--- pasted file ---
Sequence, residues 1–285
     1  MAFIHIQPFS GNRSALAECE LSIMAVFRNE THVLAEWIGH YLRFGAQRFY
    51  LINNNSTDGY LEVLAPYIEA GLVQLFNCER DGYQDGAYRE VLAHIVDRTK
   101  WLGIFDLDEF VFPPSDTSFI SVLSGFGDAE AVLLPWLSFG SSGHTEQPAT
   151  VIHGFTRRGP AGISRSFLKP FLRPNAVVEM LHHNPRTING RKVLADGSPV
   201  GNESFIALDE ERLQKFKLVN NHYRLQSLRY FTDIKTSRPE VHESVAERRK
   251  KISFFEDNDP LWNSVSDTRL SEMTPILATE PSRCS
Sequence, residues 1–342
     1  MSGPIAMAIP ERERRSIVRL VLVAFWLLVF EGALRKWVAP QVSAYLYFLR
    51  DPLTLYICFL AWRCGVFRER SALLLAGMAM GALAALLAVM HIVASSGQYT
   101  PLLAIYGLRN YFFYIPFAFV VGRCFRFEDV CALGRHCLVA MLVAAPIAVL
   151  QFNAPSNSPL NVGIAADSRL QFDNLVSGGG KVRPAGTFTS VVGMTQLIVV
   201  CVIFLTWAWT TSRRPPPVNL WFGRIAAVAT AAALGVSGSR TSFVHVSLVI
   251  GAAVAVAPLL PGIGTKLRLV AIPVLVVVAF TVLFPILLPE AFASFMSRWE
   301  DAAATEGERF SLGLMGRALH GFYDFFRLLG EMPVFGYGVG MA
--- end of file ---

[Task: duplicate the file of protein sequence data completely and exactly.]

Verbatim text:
Sequence, residues 1–285
     1  MAFIHIQPFS GNRSALAECE LSIMAVFRNE THVLAEWIGH YLRFGAQRFY
    51  LINNNSTDGY LEVLAPYIEA GLVQLFNCER DGYQDGAYRE VLAHIVDRTK
   101  WLGIFDLDEF VFPPSDTSFI SVLSGFGDAE AVLLPWLSFG SSGHTEQPAT
   151  VIHGFTRRGP AGISRSFLKP FLRPNAVVEM LHHNPRTING RKVLADGSPV
   201  GNESFIALDE ERLQKFKLVN NHYRLQSLRY FTDIKTSRPE VHESVAERRK
   251  KISFFEDNDP LWNSVSDTRL SEMTPILATE PSRCS
Sequence, residues 1–342
     1  MSGPIAMAIP ERERRSIVRL VLVAFWLLVF EGALRKWVAP QVSAYLYFLR
    51  DPLTLYICFL AWRCGVFRER SALLLAGMAM GALAALLAVM HIVASSGQYT
   101  PLLAIYGLRN YFFYIPFAFV VGRCFRFEDV CALGRHCLVA MLVAAPIAVL
   151  QFNAPSNSPL NVGIAADSRL QFDNLVSGGG KVRPAGTFTS VVGMTQLIVV
   201  CVIFLTWAWT TSRRPPPVNL WFGRIAAVAT AAALGVSGSR TSFVHVSLVI
   251  GAAVAVAPLL PGIGTKLRLV AIPVLVVVAF TVLFPILLPE AFASFMSRWE
   301  DAAATEGERF SLGLMGRALH GFYDFFRLLG EMPVFGYGVG MA